Second-hand tobacco smoke
Involuntary (or passive) smoking is the exposure to second-hand tobacco smoke (SHS) which is a mixture of exhaled mainstream smoke and side stream smoke released from a smouldering cigarette or other smoking device (cigar, pipe, bidi, etc.) and diluted with ambient air. Second-hand tobacco smoke is also referred to as "environmental" tobacco smoke (ETS). Involuntary smoking involves inhaling carcinogens and other toxic components that are present in second-hand tobacco smoke.
Article 8 of the WHO Framework Convention on Tobacco Control, adopted by all WHO Member States in May 2003, reads:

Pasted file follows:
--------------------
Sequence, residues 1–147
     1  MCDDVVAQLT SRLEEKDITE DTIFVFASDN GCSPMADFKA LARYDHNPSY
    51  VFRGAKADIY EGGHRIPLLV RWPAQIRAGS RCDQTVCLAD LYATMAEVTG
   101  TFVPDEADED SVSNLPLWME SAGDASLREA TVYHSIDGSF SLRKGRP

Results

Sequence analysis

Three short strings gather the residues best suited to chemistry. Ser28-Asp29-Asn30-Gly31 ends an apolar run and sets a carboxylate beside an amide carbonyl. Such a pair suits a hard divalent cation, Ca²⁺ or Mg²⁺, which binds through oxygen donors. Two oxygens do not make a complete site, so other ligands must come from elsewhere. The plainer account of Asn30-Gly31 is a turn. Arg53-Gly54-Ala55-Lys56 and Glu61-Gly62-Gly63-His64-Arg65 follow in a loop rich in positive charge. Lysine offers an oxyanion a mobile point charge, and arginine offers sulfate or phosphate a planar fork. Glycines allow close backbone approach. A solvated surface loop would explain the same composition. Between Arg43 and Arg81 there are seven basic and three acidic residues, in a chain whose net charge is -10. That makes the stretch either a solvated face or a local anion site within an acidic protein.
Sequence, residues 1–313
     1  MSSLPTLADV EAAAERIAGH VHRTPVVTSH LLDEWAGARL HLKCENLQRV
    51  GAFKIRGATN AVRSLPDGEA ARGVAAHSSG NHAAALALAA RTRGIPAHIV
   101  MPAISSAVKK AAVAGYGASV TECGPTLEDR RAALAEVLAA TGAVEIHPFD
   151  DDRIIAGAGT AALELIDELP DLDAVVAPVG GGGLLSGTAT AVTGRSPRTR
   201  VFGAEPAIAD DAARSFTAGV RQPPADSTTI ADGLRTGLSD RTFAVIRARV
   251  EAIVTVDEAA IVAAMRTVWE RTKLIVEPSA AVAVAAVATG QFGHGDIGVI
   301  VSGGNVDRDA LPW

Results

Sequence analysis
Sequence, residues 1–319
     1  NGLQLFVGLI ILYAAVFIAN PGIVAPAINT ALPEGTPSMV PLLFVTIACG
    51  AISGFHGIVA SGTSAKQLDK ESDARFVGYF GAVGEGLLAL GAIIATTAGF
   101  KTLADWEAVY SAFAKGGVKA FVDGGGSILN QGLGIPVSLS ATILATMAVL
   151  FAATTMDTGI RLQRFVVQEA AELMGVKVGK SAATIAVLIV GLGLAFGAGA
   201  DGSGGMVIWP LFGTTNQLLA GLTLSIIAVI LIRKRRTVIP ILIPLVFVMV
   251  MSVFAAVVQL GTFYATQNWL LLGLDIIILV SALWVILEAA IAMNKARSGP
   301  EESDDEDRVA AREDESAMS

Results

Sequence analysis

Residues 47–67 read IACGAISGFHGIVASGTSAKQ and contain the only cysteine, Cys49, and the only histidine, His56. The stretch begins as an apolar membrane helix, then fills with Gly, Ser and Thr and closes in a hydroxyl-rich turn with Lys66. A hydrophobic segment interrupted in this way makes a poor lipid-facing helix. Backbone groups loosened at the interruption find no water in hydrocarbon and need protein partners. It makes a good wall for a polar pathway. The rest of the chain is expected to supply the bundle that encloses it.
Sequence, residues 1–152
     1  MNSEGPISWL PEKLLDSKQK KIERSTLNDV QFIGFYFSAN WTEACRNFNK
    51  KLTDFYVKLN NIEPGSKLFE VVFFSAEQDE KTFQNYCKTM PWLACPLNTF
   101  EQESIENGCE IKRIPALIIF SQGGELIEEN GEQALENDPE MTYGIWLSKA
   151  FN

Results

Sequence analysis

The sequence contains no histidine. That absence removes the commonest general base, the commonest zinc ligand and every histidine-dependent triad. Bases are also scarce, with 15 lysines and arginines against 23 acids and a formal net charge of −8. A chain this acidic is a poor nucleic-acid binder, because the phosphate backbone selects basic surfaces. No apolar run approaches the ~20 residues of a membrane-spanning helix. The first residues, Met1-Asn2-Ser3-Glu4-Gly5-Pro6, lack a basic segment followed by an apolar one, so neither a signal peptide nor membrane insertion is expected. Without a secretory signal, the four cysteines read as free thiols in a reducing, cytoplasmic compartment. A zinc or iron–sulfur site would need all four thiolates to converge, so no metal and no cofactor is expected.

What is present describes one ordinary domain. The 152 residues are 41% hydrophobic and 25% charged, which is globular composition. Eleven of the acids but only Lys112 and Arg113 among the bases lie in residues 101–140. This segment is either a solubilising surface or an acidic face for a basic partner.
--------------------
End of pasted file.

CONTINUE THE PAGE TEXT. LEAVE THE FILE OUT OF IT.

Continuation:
“Protection from exposure to tobacco smoke
1. Parties recognise that scientific evidence has unequivocally established that exposure to tobacco smoke causes death, disease and disability.
2. Each Party shall adopt and implement in areas of existing national jurisdiction as determined by national law and actively promote at other jurisdictional levels the adoption and implementation of effective legislative, executive, administrative and/or other measures, providing for protection from exposure to tobacco smoke in indoor workplaces, public transport, indoor public places and, as appropriate, other public places.”
- Frequently asked questions about second hand smoke
- Smoke free policies – success stories
- US Environmental Protection Agency (US EPA) -WHO Project
- Smoke-Free Americas project
- WHO working group meeting. Lisbon, Portugal, 2000.